Dignity, Indeed. Happy Valentines Day everybody!

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Always a Bridesmaid

(Spoiler Alert!  If you haven’t seen the movie, don’t read the post).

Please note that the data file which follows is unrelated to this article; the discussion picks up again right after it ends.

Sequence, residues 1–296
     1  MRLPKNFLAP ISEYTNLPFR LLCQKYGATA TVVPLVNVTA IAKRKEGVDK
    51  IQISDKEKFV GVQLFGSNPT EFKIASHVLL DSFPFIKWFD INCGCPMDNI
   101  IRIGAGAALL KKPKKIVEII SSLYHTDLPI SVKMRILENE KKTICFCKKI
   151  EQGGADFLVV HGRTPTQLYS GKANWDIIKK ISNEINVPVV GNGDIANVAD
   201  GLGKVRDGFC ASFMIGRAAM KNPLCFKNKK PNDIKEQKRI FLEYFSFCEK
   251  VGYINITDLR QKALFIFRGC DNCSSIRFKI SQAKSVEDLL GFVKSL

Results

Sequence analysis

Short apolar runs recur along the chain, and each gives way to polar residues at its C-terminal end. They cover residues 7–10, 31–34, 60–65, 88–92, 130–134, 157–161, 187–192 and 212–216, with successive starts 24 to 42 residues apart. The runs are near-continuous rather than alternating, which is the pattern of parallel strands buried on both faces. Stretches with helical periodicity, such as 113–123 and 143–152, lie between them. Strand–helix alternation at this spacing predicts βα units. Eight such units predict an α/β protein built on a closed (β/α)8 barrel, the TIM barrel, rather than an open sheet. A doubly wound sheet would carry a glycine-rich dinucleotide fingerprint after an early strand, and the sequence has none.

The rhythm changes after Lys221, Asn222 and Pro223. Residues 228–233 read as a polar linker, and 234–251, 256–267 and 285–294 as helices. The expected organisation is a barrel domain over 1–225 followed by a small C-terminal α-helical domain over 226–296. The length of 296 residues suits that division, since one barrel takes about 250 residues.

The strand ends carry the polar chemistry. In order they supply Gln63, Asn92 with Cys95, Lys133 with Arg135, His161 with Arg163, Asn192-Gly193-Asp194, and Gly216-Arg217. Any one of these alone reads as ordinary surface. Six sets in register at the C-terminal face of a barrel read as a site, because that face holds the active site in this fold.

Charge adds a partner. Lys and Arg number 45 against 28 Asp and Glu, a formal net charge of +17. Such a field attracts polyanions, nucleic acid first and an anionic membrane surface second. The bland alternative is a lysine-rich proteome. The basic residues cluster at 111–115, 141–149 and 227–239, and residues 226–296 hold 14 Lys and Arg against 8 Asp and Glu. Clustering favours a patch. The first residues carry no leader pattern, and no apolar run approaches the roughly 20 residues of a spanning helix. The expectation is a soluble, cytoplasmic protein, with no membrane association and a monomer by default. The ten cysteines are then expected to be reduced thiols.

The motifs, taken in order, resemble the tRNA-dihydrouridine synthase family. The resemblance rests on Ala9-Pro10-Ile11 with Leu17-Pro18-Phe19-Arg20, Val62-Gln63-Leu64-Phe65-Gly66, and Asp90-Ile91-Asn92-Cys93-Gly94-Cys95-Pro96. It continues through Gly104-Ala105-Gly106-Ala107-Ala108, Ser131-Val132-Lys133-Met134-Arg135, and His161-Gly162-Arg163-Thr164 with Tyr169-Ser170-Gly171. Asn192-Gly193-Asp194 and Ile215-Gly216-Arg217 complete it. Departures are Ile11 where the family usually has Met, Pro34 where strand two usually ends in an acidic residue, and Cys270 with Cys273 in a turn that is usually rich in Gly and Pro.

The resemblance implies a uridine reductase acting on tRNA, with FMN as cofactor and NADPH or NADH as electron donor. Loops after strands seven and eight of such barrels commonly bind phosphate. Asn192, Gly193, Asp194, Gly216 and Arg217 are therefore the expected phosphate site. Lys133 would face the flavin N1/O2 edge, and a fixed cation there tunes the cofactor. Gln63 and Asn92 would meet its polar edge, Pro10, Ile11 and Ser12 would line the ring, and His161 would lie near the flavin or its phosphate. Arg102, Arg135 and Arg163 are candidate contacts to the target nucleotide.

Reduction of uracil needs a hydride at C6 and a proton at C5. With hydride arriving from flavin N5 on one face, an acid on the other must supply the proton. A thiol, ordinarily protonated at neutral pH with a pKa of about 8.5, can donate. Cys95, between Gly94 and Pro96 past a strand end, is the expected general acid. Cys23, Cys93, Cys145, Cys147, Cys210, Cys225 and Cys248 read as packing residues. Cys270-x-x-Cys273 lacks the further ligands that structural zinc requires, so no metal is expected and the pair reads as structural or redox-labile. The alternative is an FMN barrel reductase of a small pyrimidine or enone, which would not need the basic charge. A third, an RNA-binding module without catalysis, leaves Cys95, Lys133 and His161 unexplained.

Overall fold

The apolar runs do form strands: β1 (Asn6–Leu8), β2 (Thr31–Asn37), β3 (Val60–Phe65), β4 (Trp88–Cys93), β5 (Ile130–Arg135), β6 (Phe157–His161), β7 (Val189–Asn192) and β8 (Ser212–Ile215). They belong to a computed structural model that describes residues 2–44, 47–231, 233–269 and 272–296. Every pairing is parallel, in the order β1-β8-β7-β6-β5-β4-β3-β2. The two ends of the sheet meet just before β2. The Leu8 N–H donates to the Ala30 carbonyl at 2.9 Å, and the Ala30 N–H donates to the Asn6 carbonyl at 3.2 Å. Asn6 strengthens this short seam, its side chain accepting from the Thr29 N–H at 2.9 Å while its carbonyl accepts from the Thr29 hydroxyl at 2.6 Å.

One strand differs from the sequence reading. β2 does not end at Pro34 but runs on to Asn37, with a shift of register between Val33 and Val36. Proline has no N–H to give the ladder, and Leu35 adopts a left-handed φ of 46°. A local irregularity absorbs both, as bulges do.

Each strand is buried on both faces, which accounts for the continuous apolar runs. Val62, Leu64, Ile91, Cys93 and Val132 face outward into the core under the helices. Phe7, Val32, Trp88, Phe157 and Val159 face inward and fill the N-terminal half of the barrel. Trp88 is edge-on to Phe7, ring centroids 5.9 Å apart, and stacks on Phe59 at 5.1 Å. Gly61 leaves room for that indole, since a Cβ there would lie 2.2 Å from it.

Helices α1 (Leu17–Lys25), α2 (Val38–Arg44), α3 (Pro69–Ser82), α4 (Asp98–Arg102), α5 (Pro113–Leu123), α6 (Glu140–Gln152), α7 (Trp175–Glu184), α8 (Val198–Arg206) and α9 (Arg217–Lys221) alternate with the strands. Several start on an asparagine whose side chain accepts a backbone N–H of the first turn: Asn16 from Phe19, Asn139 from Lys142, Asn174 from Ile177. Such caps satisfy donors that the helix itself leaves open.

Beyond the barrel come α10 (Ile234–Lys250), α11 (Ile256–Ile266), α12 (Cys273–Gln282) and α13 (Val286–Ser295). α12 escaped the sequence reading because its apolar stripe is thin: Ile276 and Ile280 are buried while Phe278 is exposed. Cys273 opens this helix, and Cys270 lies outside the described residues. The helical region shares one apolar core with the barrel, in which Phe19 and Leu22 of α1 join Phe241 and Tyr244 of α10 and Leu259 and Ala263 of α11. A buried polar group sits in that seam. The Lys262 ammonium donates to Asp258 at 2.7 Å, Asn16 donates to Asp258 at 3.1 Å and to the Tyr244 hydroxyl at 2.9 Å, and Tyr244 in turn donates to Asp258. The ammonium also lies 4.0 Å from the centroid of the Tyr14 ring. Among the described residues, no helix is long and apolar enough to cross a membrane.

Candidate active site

I watched the movie Bridesmaids last night.  I loved it.  It was a unique angle on complex friendships and what can happen when two people’s lives start to go in different directions.  But most of all, it was funny as hell.  A woman took a dump in the street wearing a wedding dress; that’s funny stuff.  But here’s where they lost me:  as soon as the Cop came into the picture.  Because I knew.  Right then.  That the cop was going to be Kristin Wiig’s love interest.  And I didn’t want Kristin Wiig to have a love interest.  For once — just one time — I wish these screen writers in Hollywood would let go of the fantasy that we’ll all be “Happily Ever After” as soon as we meet a man.  As soon as we get married.  Because you know what?  I liked Kristin Wiig’s character.  Just her.  By herself.  Struggling through a hiccup in her career.  Watching her best friend move on with new friends and a new fiancé, while her own life felt like it was spiraling in the opposite direction.  And you know why I liked it?  Because I’ve lived it.  I’ve lived it and continue to live it to some extent.  And the second they bring in that man – in this case the Cop – they lose me.  They lost me.  And I loved that Cop!  I loved the actor.  I loved his character.  I wanted him to pull me over for a broken tail light!  But see, that’s the problem.  As soon as she met him, she was unrelateable to me.  As soon as she met him, I felt that familiar shift.  Like right when I was steeped in camaraderie with this character –  right when I was starting to feel okay about my own similar struggles with being alone – she meets a guy.  And that guy helps her to tap into her passion for baking again.  That guy makes her see what a douchebag John Hamm’s character is (played brilliantly by Mr. Hamm, by the way).  That guy is there for her at the end of the movie for that great Hollywood ending.  We’ve seen it before in books and films:  Eat, Pray, Love;  Bridget Jones’ Diary, hell, even Sex and The City ended with Carrie Getting the Guy.  Remember the movie Singles?  One of my favorite lines in that movie was when Bridget Fonda’s character breaks up with Matt Dillon’s character and proclaims “Being alone: there’s a certain dignity to it. ”  Until, that is, she gets back together with him at the end of the movie.  Just once, I’d like to read a book or see a movie with a strong, flawed, single woman navigating her way through life alone.  With no man to “save” her.  Because we are out there.  Lots of us.  And we are constantly bombarded with messages that being alone is Not Okay.  That being alone should be considered a temporary Rest Area on the highway to marriage.  And it’s reinforced with these so-called books about amazing women doing it alone.  Because the story always ends with them not being alone.  So I’m here to talk about my life.  And how I’ve managed — through lots of soul-searching, book-reading, and even some therapy — to learn to be happy alone.  (most of the time). To know that I don’t know when or if I will meet a partner in life, so I better hurry up and get living.  And be okay with that.  To make my own happy ending.  To not wait for a man to make me feel like I’ve finally “arrived.”  To arrive in my own life — take responsibility for my own life.  And be Happily Ever.   Alone?  That remains to be seen.  But for now, I’m Happily Ever Alone.  And I simply don’t believe that I’m alone in this.  Am I wrong?  Do you agree?  Can you relate?  I’d love to hear your thoughts…